The Al Queda war on the U.S. is not a clash of civilizations so much as an attempt to break the logistical support so that Al Queda can overthrow the gulf arab rulers and to take back the holy land from the infidels

          The U.S. government is riding a tiger; the gulf arabs are ruled by rulers whose religion and national mythology put them at odds with the west. And the people they rule over buy into the mythology, meaning that they hate both the rulers *and* the west.

          Every attempt by the U.S. to shore up these local rulers makes the locals hate the U.S. even more.(cont)

          1. Now fast forward to the current era. The Arab Spring toppled a whole bunch of stongment, and the U.S. has been unable to cope with it. In the case of Egypt it supported and then deposed and then supported the strongment. In the case of Libya, it assisted the rebels. In the case of Yemen, it’s bombing on behalf of the government. In the case of Syria, it saw a chance to get rid of an enemy of Israel (and an ally of the Shiite fundamentalists ruling Iran) by supporting the rebels. And had it been able to move as it wanted to, the attack would have strengthened the alliance with the rulers of the gulf arab states.

            But, the American people were also feeling shabbily used. The attack on Libya coupled with the dislike of the outcome of the Iraqi and Afghani adventures led the a failure of popular support for support for militarily intervening in Syria. Additionally, the Russians got involved, and they were easily able to maneuver the Obama administration into a painted corner.

            The gulf arabs stung by the U.S. failure to support their aims, then began pouring money and logistical assistance to ISIS getting them to turncoat on Al Queda.(cont)

            1. This would have worked, except that ISIS is led by people who have grown up their entire lives seeing arabs massacred by Americans on their TV’s, who insisted on counting coup on the U.S. as a way of proving their strength. The gulf arabs don’t care; they see what U.S. support was worth in Libya and Egypt and aren’t really scared of losing it.

              When the Arab Spring started, the Obama admin had to make some hard choices. Being craven idiots, they chose a stupid ‘strategy’ of waffling and doing what seemed most popular or expeditious at any given moment. They tried to portray themselves as the smartest guys in the room when in fact everyone could see they had no fucking clue.

              The basic choice was whether to support the rulers who had allied themselves more or less with the U.S. or not. Like germany in Wold War I facing the choice of whether to conduct unrestricted submarine warfare or not, had they picked a strategy and stuck with it, they would have been better off. Instead they waffled and incurred *everyone’s* enmity.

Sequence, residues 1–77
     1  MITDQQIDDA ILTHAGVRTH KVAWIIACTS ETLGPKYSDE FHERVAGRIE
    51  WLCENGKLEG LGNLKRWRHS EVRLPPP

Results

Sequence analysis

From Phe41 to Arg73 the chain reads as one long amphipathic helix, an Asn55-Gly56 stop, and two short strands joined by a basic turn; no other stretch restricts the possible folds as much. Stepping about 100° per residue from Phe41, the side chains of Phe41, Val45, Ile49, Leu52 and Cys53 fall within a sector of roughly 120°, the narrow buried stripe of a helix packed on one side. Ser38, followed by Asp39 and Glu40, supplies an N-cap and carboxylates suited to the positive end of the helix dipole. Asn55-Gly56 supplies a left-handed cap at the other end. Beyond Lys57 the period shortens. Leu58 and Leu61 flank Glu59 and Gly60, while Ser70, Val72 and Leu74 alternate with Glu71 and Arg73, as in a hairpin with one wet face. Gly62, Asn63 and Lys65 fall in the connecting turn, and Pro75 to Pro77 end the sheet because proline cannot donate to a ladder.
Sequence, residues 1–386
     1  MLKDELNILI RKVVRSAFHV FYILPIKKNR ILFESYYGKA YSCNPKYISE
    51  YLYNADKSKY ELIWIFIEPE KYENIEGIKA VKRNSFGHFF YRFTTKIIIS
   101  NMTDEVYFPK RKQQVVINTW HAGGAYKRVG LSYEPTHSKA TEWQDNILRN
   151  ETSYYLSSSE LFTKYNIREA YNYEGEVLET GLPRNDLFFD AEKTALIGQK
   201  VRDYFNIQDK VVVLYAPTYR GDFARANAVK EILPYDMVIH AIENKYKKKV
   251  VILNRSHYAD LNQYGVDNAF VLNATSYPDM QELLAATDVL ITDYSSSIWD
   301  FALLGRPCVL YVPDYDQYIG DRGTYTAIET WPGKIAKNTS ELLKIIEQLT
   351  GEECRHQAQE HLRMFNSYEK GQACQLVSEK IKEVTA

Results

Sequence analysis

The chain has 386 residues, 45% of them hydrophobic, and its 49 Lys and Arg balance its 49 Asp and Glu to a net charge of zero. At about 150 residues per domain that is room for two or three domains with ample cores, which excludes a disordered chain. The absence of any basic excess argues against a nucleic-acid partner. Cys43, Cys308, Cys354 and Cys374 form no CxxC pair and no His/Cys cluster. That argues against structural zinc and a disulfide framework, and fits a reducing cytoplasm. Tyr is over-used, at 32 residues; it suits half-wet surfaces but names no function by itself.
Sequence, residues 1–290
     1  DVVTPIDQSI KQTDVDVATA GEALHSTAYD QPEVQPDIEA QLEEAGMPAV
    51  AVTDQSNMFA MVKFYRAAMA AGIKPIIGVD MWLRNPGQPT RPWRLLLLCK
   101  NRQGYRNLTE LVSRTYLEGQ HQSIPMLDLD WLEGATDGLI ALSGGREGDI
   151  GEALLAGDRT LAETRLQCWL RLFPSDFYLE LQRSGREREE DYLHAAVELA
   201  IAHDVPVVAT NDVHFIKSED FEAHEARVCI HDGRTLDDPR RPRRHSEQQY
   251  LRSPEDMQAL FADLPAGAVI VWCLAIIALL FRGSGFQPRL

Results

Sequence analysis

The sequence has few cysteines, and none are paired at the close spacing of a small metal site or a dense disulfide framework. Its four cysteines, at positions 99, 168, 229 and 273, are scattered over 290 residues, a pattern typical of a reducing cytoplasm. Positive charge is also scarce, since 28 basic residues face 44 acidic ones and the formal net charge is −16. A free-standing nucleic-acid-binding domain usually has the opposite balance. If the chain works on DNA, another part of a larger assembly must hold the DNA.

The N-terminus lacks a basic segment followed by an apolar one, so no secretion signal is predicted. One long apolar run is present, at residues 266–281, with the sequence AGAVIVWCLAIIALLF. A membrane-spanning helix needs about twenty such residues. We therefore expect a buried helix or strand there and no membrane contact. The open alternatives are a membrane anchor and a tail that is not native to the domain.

At this point there are no good options for the U.S. They have so many enemies that any action they take will strengthen an enemy’s hand. The moderate syrian rebels are a fiction. There are radical Sunni islamists, the gulf arabs that support/fear them, shiites that everyone else hates, despised minorities like the Kurds, and the Turks that oppress them, and the Russian allied Allawites.

              1. I’m due for a meeting, but, just real quick, there were a lot of things we did during the Cold War–that helped us win–that don’t make a lot of sense now that the Cold War is over.

                We supported all kinds of rotten dictators in various ways, all over the world, during the Cold War, and once that was over, it’s hard to just abandon your erstwhile allies.

                …but that process had to start somewhere, and when the Arab Spring made it clear that huge swaths of the Arab street just weren’t going to take it anymore, we didn’t have much of a (reasonable) choice. There was never a better opporuntiy to start rearranging our relationships over there.

                It’s still hard to just walk away from your clients. And our long term security interests are still about Iran. Even if our domestic oil production grew to the point that the price of oil wasn’t as dependent on what OPEC and the Saudis did, we’d still need allied to in the region to help us with Iran.

  9. So, the enemy of my enemy…is still my enemy….if it’s Iran.